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My understanding is that with GAE JPA support I cannot:

    private Set<SSUser> contacts; 

    protected SSUser(){}

    public SSUser(final String userId, final String emailId){
        this.userId = userId;
        this.emailId = emailId;
        contacts = new HashSet<SSUser>();

I'm trying to establish a contacts relationship. Did I correctly understand that the above is not allowed?

If so, would Set<String> contactsIds be allowed? Could I be provided a working example?

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From the online documentation about what the datastore doesn't support:

Unsupported Features of JPA 2.0

The following features of the JPA interface are not supported by the App Engine implementation:

  • Owned many-to-many relationships
  • "Join" queries. You cannot use a field of a child entity in a filter when performing a query on the parent kind. Note that you can test the parent's relationship field directly in query using a key.
  • Aggregation queries (group by, having, sum, avg, max, min)
  • Polymorphic queries. You cannot perform a query of a class to get instances of a subclass. Each class is represented by a separate entity kind in the datastore.
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it's exactly after reading that that i posted! How else would you implement this very basic relationship in GAE still using JPA? Set<String> contactsUsrIds? Nothing better? – simpatico Aug 6 '10 at 13:44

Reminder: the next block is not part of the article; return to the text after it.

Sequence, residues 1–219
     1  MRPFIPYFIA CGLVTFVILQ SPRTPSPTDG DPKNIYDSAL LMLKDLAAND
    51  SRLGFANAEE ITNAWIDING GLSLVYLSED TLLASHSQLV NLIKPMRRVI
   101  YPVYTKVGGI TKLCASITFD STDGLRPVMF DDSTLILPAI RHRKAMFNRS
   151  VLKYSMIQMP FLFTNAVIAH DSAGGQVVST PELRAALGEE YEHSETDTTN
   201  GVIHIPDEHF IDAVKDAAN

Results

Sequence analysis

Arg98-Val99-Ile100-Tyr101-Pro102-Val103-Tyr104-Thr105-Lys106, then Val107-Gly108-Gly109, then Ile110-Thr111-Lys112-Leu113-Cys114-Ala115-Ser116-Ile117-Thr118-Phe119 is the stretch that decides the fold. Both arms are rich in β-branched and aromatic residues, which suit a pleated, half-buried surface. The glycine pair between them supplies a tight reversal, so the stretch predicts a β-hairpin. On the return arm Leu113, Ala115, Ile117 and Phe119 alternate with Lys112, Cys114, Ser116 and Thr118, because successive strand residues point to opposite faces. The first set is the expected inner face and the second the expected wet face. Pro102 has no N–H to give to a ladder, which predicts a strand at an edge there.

@simpatico: The GAE workaround is to map Key collections, see…. This reference is for JDO but my understanding is that you can transpose the concepts to JPA (sadly, the JPA documentation sucks big time, it's like Google doesn't want you to use JPA). – Pascal Thivent Aug 6 '10 at 14:07
I'm having the same feeling! Is there a GAE JPA demo/example? – simpatico Aug 6 '10 at 14:14
Google wants you to use JDO because JPA was designed with relational (SQL) databases in mind. App Engine's datastore is NOT a SQL database. From wikipedia: 'The Java Persistence API specifies relational persistence (ORM: Object relational mapping) only for RDBMS (although providers exists who support other datastores). The Java Data Objects specification(s) provides relational persistence (ORM), as well as persistence to other types of datastores.' – Peter Recore Aug 6 '10 at 15:57
@Pascal Thivent I agree that it is lame to list JPA as supported but not have great docs for it. Maybe they need to say JPA support is "pre-beta" or something that better describes its state as a second class citizen. On a positive note, there are some good tidbits, in both JPA and JDO here:… – Peter Recore Aug 6 '10 at 17:44
up vote 2 down vote accepted

Yes, they are not allowed.

Set contactsIds be allowed? Could I be provided a working example?

It works, see:

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Yes they ARE allowed, when you mark each side as @Unowned – Neil Stockton Apr 14 '15 at 7:47

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